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J Am Acad Dermatol. 2005 May;52(5):823-30.

A retrospective biopsy study of the clinical diagnostic accuracy of common skin diseases by different specialties compared with dermatology.

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Department of Dermatology, The Cleveland Clinic Foundation, Cleveland, Ohio 44195, USA.



With the recent trend for nondermatologists to treat dermatologic disorders, this retrospective biopsy study reviews the accuracy of the clinical diagnosis of physicians of different specialties performing surgical dermatologic procedures.


We assessed the diagnostic abilities of nondermatologist physicians who performed various types of skin biopsies and compared them with those of dermatologists.


The clinical diagnoses of family physicians, plastic, general, and orthopedic surgeons, and internists and pediatricians versus dermatologists were correlated with the histopathologic diagnoses. In total, 4451 cases were analyzed.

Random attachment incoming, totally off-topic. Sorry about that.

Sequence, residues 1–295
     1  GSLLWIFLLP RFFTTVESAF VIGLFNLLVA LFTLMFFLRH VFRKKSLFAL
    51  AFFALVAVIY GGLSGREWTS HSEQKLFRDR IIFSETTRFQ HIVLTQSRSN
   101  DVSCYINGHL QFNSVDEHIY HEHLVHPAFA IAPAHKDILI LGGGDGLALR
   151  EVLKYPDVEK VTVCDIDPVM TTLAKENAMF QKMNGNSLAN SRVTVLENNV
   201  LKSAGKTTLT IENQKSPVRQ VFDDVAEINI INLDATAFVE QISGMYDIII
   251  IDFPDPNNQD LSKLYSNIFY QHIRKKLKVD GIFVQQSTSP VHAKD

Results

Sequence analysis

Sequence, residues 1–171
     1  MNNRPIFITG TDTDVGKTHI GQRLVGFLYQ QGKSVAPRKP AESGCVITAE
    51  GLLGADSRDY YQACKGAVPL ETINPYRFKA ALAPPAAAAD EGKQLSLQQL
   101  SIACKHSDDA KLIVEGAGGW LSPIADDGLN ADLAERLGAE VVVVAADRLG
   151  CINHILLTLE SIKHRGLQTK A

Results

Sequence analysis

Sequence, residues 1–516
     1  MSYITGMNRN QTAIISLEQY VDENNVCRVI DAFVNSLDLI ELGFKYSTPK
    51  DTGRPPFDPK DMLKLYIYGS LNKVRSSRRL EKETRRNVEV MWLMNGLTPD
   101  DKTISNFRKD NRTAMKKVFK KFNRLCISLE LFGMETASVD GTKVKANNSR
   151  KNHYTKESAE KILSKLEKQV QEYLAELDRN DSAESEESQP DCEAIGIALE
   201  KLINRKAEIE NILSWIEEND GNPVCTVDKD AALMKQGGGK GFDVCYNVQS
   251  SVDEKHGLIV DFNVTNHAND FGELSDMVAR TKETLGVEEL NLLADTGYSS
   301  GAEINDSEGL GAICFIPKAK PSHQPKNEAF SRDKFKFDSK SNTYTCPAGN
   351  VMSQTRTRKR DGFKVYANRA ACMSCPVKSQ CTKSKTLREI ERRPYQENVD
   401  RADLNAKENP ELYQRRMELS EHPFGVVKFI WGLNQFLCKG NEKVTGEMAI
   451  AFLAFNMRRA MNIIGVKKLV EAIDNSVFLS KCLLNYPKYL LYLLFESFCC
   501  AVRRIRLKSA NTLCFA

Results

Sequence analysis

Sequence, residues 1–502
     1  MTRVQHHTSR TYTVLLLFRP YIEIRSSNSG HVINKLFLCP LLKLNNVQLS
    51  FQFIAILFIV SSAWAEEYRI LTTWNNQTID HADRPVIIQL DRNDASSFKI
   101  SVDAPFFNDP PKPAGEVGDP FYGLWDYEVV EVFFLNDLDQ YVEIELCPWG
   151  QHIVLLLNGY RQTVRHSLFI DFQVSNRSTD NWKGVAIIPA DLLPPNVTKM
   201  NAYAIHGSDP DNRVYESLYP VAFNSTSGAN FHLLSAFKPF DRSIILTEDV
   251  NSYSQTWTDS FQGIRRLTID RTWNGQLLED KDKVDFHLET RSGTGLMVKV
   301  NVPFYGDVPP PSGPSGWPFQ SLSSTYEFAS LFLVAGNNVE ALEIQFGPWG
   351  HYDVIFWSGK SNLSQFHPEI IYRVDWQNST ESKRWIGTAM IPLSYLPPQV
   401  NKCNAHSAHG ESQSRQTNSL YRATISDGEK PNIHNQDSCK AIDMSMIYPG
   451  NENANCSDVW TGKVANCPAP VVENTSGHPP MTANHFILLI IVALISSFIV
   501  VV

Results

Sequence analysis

Dermatologists diagnosed twice the number of neoplastic and cystic skin lesions correctly (75%) than nondermatologists (40%). The clinical diagnosis rendered by family practitioners matched the histopathologic diagnosis in only 26% of neoplastic and cystic skin lesions. Plastic surgeons, who performed the largest number of cutaneous surgical procedures among the nondermatologists, did better in the recognition of skin tumors than family physicians, but still had a diagnostic accuracy rate of only 45%. Inflammatory skin diseases were correctly diagnosed in 71% of the cases by dermatologists but in only 34% of the cases by nondermatologists.


A limitation of this retrospective, unblinded study is the use of the clinical data from the pathology requisition form as a surrogate for clinical diagnostic accuracy.


The overall accuracy of the clinical diagnosis depends heavily on the clinicopathologic correlation. Without sufficient clinical data, the histopathologic diagnosis will be limited or restricted. This review concludes that without basic dermatology knowledge, clinicopathologic correlation is compromised.

[Indexed for MEDLINE]

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